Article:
What Courts Consider in Approving Parenting Plans

In so many divorces, parents staunchly defend their custody rights, often without knowing (or appreciating) the differences between legal and physical custody. Some legal battles stem from emotional arguments where one parent declares that he or she wants "full custody" as a way to enforce their personal parenting style. Others emanate from advice from family and friends who insist that custody is necessary to maintain a relationship with the child.

Because of the over-emphasis of custody labels, parents often lose track of what is really important in maintaining a parent-child relationship: the parenting plan. This article will highlight the courts consider in approving such plans.

Essentially, parenting plans are written agreements that detail when (and where) the child will spend time with a parent, how parents will handle parenting duties, how (and when) the child will communicate with a parent, and how the parties may resolve disputes. They specify which parent will have the child on a daily (or weekly) basis and for particular holidays (for example, Memorial Day with mom, Fourth of July with dad).

Parenting plans also set forth rules on exchanges (including the time and location) as well as transportation duties. Parenting plans are also important in detailing who has decision-making authority on extra-curricular activities, discipline, religious upbringing and many other aspects of parenting. The plan may be open-ended and leave room for the parties to resolve their differences with the help of a parenting time expeditor, or it can be very specific as to each detail of the child's life.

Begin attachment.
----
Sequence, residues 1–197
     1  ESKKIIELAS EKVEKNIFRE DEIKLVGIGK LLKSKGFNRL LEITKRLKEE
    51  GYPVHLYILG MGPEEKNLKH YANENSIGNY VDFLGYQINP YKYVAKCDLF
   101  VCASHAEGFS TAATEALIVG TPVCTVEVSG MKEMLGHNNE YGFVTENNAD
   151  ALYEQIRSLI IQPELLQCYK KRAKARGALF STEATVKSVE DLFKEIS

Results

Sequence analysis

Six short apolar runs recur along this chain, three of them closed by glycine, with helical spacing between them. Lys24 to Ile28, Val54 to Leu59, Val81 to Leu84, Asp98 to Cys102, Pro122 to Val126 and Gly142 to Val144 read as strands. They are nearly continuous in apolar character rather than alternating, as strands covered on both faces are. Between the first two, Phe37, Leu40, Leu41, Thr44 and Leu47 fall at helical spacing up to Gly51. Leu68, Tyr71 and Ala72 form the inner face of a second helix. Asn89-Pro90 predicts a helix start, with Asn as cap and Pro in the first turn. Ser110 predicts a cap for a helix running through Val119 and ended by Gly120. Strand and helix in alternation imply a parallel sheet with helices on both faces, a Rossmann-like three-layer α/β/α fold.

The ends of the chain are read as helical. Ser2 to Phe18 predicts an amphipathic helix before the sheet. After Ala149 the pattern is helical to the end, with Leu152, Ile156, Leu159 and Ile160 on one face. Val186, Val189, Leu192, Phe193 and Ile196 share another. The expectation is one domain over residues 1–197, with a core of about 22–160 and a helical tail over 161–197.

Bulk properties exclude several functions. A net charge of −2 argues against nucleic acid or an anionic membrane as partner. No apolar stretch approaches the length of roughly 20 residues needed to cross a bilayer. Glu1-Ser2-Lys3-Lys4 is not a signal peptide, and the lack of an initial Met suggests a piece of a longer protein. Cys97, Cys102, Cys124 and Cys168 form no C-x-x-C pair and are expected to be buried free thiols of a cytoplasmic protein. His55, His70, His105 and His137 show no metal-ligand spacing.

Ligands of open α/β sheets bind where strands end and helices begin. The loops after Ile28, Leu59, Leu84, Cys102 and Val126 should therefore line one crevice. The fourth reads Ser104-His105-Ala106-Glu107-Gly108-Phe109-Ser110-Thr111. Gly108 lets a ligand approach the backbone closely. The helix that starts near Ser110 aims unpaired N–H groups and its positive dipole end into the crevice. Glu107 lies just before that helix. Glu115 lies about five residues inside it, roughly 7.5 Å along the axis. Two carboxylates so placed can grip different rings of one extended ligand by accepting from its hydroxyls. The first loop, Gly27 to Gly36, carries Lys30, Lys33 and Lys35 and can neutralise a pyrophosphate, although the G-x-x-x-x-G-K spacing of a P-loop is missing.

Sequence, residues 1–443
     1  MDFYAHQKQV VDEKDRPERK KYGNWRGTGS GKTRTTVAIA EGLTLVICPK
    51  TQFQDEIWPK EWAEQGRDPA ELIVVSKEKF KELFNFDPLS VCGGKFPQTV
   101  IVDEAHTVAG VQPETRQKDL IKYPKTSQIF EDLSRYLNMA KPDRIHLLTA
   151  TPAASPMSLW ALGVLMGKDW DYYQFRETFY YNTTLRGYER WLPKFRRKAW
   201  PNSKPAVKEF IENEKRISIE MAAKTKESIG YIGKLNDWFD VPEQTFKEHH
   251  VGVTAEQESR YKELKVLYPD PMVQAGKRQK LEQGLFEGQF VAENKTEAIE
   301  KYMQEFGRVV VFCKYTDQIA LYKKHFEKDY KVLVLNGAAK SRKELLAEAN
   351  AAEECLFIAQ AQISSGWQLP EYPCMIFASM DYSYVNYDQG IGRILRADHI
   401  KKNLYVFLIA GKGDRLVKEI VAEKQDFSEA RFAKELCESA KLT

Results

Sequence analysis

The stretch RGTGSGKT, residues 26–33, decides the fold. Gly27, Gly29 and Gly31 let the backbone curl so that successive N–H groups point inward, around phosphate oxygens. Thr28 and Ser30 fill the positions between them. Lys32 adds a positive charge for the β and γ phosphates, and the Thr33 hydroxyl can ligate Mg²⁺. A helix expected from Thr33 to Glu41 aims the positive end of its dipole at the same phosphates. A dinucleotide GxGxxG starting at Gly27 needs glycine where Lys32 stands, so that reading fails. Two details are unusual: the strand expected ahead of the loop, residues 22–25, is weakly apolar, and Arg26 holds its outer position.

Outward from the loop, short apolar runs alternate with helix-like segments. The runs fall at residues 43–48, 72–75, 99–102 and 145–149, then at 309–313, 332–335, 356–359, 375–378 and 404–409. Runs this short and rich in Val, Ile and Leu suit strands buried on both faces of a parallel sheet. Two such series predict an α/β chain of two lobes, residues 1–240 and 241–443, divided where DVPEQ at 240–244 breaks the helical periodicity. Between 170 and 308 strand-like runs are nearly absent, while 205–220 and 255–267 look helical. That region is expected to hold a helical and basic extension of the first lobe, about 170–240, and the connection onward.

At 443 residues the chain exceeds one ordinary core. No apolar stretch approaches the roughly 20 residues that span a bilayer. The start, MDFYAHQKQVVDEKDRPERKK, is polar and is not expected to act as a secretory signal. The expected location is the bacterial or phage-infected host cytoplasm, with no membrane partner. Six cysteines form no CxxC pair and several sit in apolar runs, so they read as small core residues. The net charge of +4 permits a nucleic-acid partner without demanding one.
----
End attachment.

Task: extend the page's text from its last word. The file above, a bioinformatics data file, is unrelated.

Georgia law requires every divorce and custody order to include a parenting plan. Courts require them to be child-focused, and flexible enough to accommodate the child's changing needs as he or she grows and matures. Most importantly, the plan must recognize the importance of both parents continuing a close relationship with the child. After working through the details of a parenting plan, some parents feel that the traditional custody labels are far less important compared to the powers and duties they succeed to through the plan.

If you have questions about parenting plans, an experienced attorney can help.